Assassin’s Creed maker Ubisoft plunges 17% after Chinese giant Tencent ups stake

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Tencent has increased its stake in French games maker Ubisoft, the company behind popular franchises like Assassin’s Creed. But analysts said this has effectively closed the door on a full takeover of the company.
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Shares of games developer Ubisoft plunged more than 17% on Wednesday after prospects of a full takeover were dampened following a move by Chinese tech giant Tencent to increase its stake in the company.

On Tuesday, the two companies announced that Tencent invested 300 million euros ($296.9 million) in Guillemot Brothers Limited, amounting to a 49.9% stake in the company. Tencent only gets 5% voting rights in the company.

Guillemot Brothers Limited is controlled by the Guillemot family, and is the entity that controls the majority of the family’s roughly 15% stake in Ubisoft.

The Guillemot brothers founded Ubisoft in 1986 and have fought hard to keep the company independent and protected from a takeover.

Tencent’s investment values Ubisoft shares at 80 euros each, an 83% premium on Tuesday’s closing price and gives it an indirect stake in the French games developer.

The move effectively closes the door on a full takeover of Ubisoft by any party, according to analysts, something that investors were holding out for.

“What this transaction does appear to signal is that any full sale of Ubisoft to a strategic or financial buyer is very unlikely. In our view this should be seen as a net negative for shares (though not for the company itself),” analysts at Cowen said in a note Tuesday.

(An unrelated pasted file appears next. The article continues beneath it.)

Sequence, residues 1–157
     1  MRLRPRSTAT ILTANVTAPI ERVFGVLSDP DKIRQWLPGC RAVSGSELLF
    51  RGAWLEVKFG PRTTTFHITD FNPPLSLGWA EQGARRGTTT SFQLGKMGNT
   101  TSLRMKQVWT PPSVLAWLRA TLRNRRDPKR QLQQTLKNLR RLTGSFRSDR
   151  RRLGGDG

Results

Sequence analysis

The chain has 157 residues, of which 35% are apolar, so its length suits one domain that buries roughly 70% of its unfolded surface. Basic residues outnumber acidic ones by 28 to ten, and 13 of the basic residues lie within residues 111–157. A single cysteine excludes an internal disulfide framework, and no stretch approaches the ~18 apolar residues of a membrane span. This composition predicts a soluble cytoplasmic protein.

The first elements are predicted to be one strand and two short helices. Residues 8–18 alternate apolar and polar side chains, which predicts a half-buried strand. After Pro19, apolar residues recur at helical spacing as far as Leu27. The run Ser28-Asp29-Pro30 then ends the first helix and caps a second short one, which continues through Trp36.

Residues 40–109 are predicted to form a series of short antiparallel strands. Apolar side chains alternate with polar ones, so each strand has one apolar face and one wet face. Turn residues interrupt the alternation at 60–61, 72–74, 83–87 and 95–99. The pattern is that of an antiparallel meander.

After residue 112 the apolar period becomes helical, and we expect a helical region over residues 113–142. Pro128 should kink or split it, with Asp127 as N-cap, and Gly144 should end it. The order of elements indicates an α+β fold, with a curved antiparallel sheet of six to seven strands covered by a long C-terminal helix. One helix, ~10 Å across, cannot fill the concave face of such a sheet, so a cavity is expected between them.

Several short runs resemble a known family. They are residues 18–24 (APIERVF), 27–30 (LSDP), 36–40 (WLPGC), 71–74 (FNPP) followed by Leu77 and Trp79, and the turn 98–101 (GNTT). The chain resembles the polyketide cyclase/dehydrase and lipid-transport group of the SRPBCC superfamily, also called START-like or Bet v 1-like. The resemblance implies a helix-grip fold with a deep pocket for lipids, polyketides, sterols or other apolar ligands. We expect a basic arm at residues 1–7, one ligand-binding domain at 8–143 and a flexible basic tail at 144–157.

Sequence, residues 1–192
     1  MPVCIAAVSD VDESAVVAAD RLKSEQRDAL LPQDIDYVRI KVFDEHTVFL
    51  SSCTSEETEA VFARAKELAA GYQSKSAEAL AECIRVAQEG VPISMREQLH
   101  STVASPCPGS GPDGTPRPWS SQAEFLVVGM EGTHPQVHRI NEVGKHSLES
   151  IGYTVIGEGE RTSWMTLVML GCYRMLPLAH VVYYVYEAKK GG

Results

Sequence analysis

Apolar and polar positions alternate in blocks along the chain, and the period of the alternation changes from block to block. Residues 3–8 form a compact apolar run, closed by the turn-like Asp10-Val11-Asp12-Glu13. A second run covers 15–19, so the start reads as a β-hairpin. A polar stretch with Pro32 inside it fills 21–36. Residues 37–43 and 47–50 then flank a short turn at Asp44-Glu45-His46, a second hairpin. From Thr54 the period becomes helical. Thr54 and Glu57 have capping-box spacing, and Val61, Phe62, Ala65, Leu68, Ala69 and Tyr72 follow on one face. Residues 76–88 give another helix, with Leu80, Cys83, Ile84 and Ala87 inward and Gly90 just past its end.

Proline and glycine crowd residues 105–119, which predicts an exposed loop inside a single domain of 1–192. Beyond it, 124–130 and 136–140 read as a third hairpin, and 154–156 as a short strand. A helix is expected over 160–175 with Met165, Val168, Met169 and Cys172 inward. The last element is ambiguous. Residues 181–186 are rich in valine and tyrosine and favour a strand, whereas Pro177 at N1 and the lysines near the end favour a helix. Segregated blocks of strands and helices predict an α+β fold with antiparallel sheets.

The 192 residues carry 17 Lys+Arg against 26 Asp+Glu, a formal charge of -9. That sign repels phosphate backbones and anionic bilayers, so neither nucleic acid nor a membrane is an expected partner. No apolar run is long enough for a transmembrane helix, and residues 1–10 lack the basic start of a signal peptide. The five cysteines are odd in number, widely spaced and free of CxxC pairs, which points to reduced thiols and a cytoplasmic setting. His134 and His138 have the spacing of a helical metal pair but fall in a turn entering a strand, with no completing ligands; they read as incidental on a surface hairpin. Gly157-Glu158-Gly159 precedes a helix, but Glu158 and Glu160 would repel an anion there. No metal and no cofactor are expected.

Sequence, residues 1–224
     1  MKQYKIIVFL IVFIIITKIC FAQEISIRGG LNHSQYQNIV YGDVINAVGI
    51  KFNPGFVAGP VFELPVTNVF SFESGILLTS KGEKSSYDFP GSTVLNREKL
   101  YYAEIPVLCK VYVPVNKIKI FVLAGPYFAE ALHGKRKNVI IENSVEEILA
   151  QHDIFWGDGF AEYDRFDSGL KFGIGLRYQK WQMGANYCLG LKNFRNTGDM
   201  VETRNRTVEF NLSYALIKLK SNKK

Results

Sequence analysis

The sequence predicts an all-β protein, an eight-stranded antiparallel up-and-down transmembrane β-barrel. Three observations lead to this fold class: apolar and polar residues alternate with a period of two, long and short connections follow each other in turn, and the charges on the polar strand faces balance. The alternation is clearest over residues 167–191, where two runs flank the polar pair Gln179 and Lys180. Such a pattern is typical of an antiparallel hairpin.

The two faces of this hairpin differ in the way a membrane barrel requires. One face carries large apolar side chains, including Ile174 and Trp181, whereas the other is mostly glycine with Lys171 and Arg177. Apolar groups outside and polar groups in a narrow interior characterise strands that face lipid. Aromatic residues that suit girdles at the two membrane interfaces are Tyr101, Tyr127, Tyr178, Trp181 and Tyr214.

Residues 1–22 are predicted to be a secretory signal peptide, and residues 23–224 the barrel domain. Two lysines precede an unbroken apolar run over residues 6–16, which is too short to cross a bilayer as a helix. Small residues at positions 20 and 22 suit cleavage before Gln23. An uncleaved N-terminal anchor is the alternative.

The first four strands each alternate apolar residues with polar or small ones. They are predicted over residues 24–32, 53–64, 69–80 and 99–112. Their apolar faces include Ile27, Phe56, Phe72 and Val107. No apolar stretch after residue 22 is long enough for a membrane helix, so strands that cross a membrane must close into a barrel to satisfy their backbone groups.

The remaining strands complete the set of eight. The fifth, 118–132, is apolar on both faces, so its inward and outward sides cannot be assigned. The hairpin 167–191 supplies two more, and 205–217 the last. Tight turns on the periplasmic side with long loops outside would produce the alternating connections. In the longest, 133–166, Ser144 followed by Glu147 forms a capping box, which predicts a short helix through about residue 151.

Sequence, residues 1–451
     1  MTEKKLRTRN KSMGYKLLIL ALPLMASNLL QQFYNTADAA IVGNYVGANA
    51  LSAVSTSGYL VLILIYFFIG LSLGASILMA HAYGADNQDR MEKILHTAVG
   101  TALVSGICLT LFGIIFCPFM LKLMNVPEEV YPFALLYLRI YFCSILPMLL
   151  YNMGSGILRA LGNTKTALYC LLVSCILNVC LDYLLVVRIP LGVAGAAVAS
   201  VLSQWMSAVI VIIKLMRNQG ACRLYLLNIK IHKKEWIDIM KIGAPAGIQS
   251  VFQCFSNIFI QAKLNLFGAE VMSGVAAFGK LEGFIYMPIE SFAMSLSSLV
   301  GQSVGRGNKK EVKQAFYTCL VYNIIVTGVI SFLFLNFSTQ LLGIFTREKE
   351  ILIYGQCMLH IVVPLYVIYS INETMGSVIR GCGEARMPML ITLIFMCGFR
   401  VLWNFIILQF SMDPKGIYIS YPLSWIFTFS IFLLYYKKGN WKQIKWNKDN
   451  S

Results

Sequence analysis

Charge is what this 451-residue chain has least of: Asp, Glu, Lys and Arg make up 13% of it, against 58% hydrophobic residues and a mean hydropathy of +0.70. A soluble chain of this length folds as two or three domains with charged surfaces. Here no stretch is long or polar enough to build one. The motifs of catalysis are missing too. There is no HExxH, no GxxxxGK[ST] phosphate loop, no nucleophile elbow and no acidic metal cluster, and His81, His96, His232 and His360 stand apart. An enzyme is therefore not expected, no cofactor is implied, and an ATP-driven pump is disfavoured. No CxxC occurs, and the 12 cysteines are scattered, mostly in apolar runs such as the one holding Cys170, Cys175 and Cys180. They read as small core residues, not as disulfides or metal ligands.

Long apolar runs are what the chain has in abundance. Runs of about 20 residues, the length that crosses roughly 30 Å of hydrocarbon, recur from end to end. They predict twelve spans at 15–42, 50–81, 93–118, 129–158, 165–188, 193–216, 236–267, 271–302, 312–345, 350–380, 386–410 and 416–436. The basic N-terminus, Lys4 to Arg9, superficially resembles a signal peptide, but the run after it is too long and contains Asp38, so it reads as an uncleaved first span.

As part of the deal, Tencent is able to increase its direct stake in Ubisoft from 4.5% currently to 9.99% of the capital or voting rights. But Tencent will not be able to sell its shares for five years and will not be able to increase its stake in Ubisoft beyond 9.99% for a period of eight years. That effectively rules out a complete takeover of the gaming firm.

Ubisoft’s drama began in 2015 when French media conglomerate Vivendi took a stake in the European gaming firm, eventually becoming its biggest shareholder. But the Guillemot family were determined to keep the company independent.

In 2018, after a three-year battle, Vivendi dropped its pursuit of Ubisoft. Tencent stepped in to buy some of the Ubisoft shares Vivendi offloaded and the Chinese tech giant ended up owning a 5% stake in the games company.

Ubisoft has faced a number of challenges including sexual harassment allegations and a lack of new hit titles.

Tencent’s investment continues a flurry of deals in the video games space this year, particularly from Asian firms, that began with Microsoft’s proposed $68.7 billion acquisition of Activision Blizzard in January followed by Sony’s takeover of Bungie, the maker of hit games Halo and Destiny.

Tencent, based in Shenzhen, China, has grown into one of the world’s largest gaming companies over the years, through acquisitions of and investments in smaller studios with popular global titles including League of Legends maker Riot Games, for example.

Tougher regulation around gaming in China has pushed Tencent and its rival NetEase to expand overseas through investments and acquisitions.

Ubisoft is known for some popular franchises including Assassin’s Creed and Rainbow Six. Ubisoft scheduled an event for Saturday to reveal details about upcoming games.

Tencent has typically helped companies it has invested in to run independently, but offered a hand to expand titles into China and onto mobile, where it has typically been strong.

Martin Lau, president of Tencent, said that the two companies will continue “to develop immersive game experiences” and bring Ubisoft’s most well-known franchises to mobile.

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